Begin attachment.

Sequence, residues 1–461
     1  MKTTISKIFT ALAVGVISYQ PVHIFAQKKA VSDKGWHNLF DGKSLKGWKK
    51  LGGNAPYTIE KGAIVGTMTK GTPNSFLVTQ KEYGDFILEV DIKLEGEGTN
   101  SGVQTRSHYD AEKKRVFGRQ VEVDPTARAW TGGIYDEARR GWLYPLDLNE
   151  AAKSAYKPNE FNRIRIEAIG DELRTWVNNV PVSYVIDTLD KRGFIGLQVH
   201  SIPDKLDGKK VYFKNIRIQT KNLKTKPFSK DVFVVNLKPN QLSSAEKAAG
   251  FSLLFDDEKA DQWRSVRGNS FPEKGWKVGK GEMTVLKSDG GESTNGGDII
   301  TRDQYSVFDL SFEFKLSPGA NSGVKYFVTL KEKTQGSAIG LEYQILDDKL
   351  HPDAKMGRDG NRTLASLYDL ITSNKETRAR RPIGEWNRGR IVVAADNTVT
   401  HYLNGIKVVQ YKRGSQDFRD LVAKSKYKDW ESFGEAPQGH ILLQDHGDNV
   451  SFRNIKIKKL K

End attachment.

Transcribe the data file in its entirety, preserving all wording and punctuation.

Sequence, residues 1–461
     1  MKTTISKIFT ALAVGVISYQ PVHIFAQKKA VSDKGWHNLF DGKSLKGWKK
    51  LGGNAPYTIE KGAIVGTMTK GTPNSFLVTQ KEYGDFILEV DIKLEGEGTN
   101  SGVQTRSHYD AEKKRVFGRQ VEVDPTARAW TGGIYDEARR GWLYPLDLNE
   151  AAKSAYKPNE FNRIRIEAIG DELRTWVNNV PVSYVIDTLD KRGFIGLQVH
   201  SIPDKLDGKK VYFKNIRIQT KNLKTKPFSK DVFVVNLKPN QLSSAEKAAG
   251  FSLLFDDEKA DQWRSVRGNS FPEKGWKVGK GEMTVLKSDG GESTNGGDII
   301  TRDQYSVFDL SFEFKLSPGA NSGVKYFVTL KEKTQGSAIG LEYQILDDKL
   351  HPDAKMGRDG NRTLASLYDL ITSNKETRAR RPIGEWNRGR IVVAADNTVT
   401  HYLNGIKVVQ YKRGSQDFRD LVAKSKYKDW ESFGEAPQGH ILLQDHGDNV
   451  SFRNIKIKKL K